Chad Wood goes to work on...
Chad Wood goes to work on a suspension part. The 27-year-old Wisconsin racer has parlayed his short track record into a touring series stop. ASA was a logical choice for this racer.
The series announced an extension of the existing engine program that will carry the ASA 5700 V-8 engine through 2005. A freshening program through Lingenfelter Performance was put into place. Competitors can spend less than $4,000 to spruce up their powerplant, essentially $10,000 less than buying a new engine. For those already in possession of the engine, the idea of continuing its use is a relief.
"It definitely gives all of the full-time competitors a little bit of comfort in knowing what we have to look forward to-where a guy doesn't mind buying another engine or two, understanding they won't be obsolete at the end of the year," said competitor Rick Beebe.
"They are good engines and they're good for racing," said competitor Todd Kluever. "The program for repairs with Lingenfelter (Performance Engineering) is only a bigger bonus for the series. I have an engine here I would like rebuilt. Last year, I had to go ahead and buy a new one. If I could spend $3,800 and get my motor rebuilt and have it be as strong as a new one, that saves me a lot more money."
Few of the innovations offered up by the ASA in the recent past have been solely at the discretion of the sanction. The leadership has always addressed the importance of partners, known in some circles as "sponsors." The difference is that sponsors pay their money for exposure and often have a lower level of interaction. ASA takes the partnership approach and draws strength from the relationship.
"The product manufacturers are extremely important and luckily, ASA has a long history with various manufacturers," offered Dale. "Most of the products we use are from many of the same manufacturers that the (NASCAR) truck series, Busch, and Winston Cup teams use as well. They are very high quality, proven products that are constantly looking to improve. Again, those that we look at are from a safety and cost standpoint. We monitor that regularly."
"We have some unique relationships with some of our product manufacturers," added Balash. "They bring us specific products for the applicable specifications of our cars. That allows us to have certain safety controls over the ASA car. Many of our suppliers do their own testing and offer the next generation of things to make our cars even better and safer."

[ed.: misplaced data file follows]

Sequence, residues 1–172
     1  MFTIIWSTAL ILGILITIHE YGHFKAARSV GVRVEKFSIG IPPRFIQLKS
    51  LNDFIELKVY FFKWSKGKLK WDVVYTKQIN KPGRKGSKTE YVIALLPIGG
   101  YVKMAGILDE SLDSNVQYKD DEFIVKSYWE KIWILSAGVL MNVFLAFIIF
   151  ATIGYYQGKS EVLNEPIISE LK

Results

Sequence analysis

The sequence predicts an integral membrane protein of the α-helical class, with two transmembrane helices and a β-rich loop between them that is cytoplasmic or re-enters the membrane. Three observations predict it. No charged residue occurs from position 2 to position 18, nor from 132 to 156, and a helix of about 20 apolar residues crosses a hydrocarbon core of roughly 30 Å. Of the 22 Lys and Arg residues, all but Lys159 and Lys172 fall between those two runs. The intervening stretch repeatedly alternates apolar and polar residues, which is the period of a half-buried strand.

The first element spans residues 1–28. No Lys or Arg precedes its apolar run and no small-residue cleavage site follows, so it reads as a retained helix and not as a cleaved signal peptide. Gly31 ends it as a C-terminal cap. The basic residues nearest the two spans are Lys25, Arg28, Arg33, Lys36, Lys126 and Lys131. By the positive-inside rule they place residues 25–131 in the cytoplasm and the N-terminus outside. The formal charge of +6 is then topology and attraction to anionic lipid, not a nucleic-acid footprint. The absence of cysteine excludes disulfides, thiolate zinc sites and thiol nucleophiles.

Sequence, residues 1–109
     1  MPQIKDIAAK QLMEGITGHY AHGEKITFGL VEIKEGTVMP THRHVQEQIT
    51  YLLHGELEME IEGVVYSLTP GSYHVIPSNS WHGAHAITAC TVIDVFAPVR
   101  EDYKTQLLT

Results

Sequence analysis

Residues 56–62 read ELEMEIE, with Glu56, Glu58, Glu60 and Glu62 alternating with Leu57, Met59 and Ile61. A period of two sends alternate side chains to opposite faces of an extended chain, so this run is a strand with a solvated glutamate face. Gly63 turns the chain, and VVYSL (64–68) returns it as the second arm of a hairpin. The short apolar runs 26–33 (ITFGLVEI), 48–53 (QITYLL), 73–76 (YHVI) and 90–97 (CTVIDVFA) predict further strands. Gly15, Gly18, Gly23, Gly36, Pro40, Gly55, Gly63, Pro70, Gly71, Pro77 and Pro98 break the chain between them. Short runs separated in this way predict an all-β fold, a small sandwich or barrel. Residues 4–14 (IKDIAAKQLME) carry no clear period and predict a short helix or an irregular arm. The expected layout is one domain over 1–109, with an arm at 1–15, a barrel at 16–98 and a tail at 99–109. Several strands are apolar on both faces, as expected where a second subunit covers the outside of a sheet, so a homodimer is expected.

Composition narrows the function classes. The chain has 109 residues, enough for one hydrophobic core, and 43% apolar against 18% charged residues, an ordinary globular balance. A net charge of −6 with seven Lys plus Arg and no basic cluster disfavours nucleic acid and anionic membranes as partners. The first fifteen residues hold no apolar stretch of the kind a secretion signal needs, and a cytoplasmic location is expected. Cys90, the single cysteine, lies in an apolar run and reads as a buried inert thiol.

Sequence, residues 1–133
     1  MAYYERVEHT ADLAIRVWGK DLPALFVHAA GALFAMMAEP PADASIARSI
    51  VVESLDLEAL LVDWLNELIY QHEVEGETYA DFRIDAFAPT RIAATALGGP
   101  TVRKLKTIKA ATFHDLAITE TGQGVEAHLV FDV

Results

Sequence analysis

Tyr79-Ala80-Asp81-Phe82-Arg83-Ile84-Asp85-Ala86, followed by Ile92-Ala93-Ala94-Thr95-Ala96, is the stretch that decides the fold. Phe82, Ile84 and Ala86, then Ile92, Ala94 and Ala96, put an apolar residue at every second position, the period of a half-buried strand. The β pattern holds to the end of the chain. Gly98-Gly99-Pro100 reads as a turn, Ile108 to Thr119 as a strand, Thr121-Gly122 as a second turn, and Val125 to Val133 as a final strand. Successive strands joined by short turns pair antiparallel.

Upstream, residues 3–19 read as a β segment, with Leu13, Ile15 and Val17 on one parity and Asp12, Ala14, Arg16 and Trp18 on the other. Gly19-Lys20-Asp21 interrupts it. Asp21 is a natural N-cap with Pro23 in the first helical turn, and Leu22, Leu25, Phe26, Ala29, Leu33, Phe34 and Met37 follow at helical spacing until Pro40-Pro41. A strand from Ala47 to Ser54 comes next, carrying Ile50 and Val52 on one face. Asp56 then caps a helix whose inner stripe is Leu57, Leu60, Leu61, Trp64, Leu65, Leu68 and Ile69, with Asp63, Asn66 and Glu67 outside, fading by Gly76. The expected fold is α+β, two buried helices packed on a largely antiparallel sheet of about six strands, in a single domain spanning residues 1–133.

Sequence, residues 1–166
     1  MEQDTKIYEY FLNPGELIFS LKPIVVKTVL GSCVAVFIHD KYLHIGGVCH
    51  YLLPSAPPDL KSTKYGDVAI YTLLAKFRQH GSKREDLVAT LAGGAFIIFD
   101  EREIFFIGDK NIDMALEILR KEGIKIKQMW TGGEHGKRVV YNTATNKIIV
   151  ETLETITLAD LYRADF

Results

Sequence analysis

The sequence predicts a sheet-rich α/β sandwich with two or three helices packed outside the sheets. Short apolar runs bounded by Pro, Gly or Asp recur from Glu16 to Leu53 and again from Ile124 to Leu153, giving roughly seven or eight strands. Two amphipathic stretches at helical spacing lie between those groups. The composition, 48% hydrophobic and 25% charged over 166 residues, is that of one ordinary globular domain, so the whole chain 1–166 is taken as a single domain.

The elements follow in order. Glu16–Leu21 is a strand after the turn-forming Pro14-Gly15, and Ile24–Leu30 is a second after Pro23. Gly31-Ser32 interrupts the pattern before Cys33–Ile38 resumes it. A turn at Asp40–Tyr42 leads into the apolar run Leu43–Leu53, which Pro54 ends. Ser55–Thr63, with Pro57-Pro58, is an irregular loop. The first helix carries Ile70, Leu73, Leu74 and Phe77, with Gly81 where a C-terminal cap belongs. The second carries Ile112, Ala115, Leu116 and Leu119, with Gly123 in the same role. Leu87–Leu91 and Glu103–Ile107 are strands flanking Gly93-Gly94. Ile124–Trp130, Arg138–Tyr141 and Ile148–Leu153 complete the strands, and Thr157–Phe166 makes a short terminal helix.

The series maintains an owners' committee to provide input for series officials. "Because I'm on the other side and I've been on the owner committee, I know it is an important role for the owners to play," Dale said. "They can give input from themselves and their own experiences or hopefully from other competitors that have come to them and made suggestions to pass along to us. Also, it allows us to give them a heads-up on possible changes that are being contemplated. They, in turn, give input and reaction. As an example, we are exploring the possibility of running events on larger tracks and at larger venues. The feedback was largely positive and therefore we've put forward a test at a larger facility in determining feasibility and practicality of running there."
The series didn't wait for the off-season in moving on this subject. In the middle of an 18-race season, a pair of drivers was sent to Lowe's Motor Speedway in Charlotte, North Carolina. The test was labeled a success, but the next step is in the hands of series and track organizers.
"I think there are a lot of things you really need to investigate and again, that's where you bring in the experts of the industry and those who have been involved with us for some time," said Balash. "Howe Racing, Five Star, BFGoodrich Tires, Tex Racing, and others-really everybody getting together, looking at those areas, doing the proper testing first, getting the data back, analyzing it, and then making the right changes based on the proper testing."